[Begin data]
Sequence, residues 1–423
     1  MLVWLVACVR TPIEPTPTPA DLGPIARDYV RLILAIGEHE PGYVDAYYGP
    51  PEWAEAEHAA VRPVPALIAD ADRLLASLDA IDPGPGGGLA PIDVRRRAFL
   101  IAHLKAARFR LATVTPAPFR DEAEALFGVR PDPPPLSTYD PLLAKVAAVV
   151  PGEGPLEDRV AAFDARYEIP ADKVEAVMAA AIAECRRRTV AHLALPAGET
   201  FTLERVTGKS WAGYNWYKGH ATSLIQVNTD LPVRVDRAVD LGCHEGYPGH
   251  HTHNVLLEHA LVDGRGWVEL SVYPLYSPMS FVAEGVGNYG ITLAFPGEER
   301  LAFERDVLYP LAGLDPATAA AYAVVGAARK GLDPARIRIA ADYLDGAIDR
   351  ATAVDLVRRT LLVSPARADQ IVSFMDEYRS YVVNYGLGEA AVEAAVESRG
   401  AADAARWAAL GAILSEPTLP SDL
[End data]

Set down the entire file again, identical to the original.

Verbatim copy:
Sequence, residues 1–423
     1  MLVWLVACVR TPIEPTPTPA DLGPIARDYV RLILAIGEHE PGYVDAYYGP
    51  PEWAEAEHAA VRPVPALIAD ADRLLASLDA IDPGPGGGLA PIDVRRRAFL
   101  IAHLKAARFR LATVTPAPFR DEAEALFGVR PDPPPLSTYD PLLAKVAAVV
   151  PGEGPLEDRV AAFDARYEIP ADKVEAVMAA AIAECRRRTV AHLALPAGET
   201  FTLERVTGKS WAGYNWYKGH ATSLIQVNTD LPVRVDRAVD LGCHEGYPGH
   251  HTHNVLLEHA LVDGRGWVEL SVYPLYSPMS FVAEGVGNYG ITLAFPGEER
   301  LAFERDVLYP LAGLDPATAA AYAVVGAARK GLDPARIRIA ADYLDGAIDR
   351  ATAVDLVRRT LLVSPARADQ IVSFMDEYRS YVVNYGLGEA AVEAAVESRG
   401  AADAARWAAL GAILSEPTLP SDL